Opinion: McGovern ahead of his time

The setting for this conversation bordered on the surreal. McGovern had spent that whole doomed campaign trying in vain to convince the country that he, not Nixon, should be president. Now, in the Senate Dining Room, not only were Mrs. Nixon and Mrs. Eisenhower sitting across the way, but also at nearby tables having lunch were three men who were gaining enormous celebrity as members of the Watergate committee, which was in the midst of holding its nationally televised hearings in the Senate Caucus Room: Sam Ervin of North Carolina, Howard Baker of Tennessee and Lowell Weicker of Connecticut. The country's eyes were riveted on them every day, on every broadcast network.

"No, I really haven't watched the Watergate hearings too much," McGovern said. "Oh, once in a while when I go into the Senate cloakroom the TV set in there is turned on, and I watch it for a few minutes. But I don't watch the reruns at night. It's kind of hard for me to watch the hearings anyway; I guess I feel a little more personally involved in what they're about than most people do."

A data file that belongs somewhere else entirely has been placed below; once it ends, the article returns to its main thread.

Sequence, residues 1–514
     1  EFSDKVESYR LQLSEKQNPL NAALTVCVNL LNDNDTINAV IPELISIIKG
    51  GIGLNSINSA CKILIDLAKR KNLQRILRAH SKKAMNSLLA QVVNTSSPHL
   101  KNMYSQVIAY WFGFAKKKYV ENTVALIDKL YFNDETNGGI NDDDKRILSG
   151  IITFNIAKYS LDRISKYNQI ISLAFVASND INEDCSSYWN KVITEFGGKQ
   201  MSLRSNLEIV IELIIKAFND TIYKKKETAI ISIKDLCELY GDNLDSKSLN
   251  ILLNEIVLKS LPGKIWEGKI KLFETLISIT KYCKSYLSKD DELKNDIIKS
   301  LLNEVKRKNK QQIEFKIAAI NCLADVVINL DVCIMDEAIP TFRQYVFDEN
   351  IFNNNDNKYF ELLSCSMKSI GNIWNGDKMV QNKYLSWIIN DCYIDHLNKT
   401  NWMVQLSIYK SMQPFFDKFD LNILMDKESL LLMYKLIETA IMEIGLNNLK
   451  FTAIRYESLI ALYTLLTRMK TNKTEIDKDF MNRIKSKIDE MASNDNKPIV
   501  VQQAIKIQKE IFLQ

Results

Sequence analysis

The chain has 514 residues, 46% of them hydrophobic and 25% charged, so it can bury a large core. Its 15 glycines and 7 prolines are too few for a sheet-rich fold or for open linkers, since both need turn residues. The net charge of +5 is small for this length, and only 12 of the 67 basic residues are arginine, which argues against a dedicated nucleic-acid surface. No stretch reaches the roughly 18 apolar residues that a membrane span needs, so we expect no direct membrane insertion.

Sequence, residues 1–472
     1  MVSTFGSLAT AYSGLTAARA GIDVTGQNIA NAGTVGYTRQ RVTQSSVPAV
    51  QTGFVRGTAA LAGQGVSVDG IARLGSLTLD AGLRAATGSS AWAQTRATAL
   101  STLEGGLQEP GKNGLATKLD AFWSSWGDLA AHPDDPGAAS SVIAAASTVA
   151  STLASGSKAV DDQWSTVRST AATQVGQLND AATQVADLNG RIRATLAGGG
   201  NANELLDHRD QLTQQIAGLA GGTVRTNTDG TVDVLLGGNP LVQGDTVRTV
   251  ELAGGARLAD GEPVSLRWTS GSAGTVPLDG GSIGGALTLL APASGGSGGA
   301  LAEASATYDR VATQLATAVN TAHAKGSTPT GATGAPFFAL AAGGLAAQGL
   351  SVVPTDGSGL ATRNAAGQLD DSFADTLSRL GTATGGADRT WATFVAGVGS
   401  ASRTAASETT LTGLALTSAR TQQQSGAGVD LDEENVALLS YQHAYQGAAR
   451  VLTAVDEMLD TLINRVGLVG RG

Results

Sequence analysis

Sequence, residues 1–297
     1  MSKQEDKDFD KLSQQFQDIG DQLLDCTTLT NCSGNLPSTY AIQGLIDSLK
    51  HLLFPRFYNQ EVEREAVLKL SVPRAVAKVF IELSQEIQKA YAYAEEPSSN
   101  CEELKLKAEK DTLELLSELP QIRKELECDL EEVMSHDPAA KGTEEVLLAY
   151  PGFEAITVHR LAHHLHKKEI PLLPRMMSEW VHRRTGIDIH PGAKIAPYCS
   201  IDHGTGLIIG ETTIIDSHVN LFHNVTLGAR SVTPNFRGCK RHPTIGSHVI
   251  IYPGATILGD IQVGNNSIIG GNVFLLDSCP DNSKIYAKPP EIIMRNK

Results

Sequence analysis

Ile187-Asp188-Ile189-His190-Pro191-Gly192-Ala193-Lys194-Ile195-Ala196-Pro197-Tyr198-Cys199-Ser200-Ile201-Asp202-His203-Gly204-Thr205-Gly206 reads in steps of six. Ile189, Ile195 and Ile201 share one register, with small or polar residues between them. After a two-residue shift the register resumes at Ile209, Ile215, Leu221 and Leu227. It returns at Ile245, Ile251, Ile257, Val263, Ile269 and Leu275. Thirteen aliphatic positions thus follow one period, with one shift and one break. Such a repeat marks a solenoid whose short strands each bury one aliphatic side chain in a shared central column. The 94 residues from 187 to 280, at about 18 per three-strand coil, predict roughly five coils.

The night before, he told me, he had been invited to a party at which President Nixon had also been a guest. It was the first time he had encountered Nixon in person since the election. In the receiving line, when the two had come face to face, both men smiled broadly, if uneasily, and news photographers snapped pictures of the moment.

"As soon as I was invited to that party," McGovern said, "I knew the situation was going to come up. ... I didn't think that was the picture they'd take. There was another time when Nixon and (then-National Security Adviser Henry) Kissinger and I were all going to be standing together, and I figured that was the picture they'd take. ... What did people expect me to do when I got to Nixon? Do this?"

Politicians pay tribute

McGovern scowled comically and began waving his finger in the air, as if scolding Nixon.

"Couldn't very well do that," he said, laughing.

The news stories about McGovern's passing said that death came to him at the Dougherty Hospice House in Sioux Falls. When I saw that, I had a feeling. I looked it up.

A man named Bill Dougherty was one of McGovern's dear South Dakota friends. He had risen to the position of lieutenant governor of the state; he was with McGovern to offer consolation on that night in Sioux Falls when the election results came in.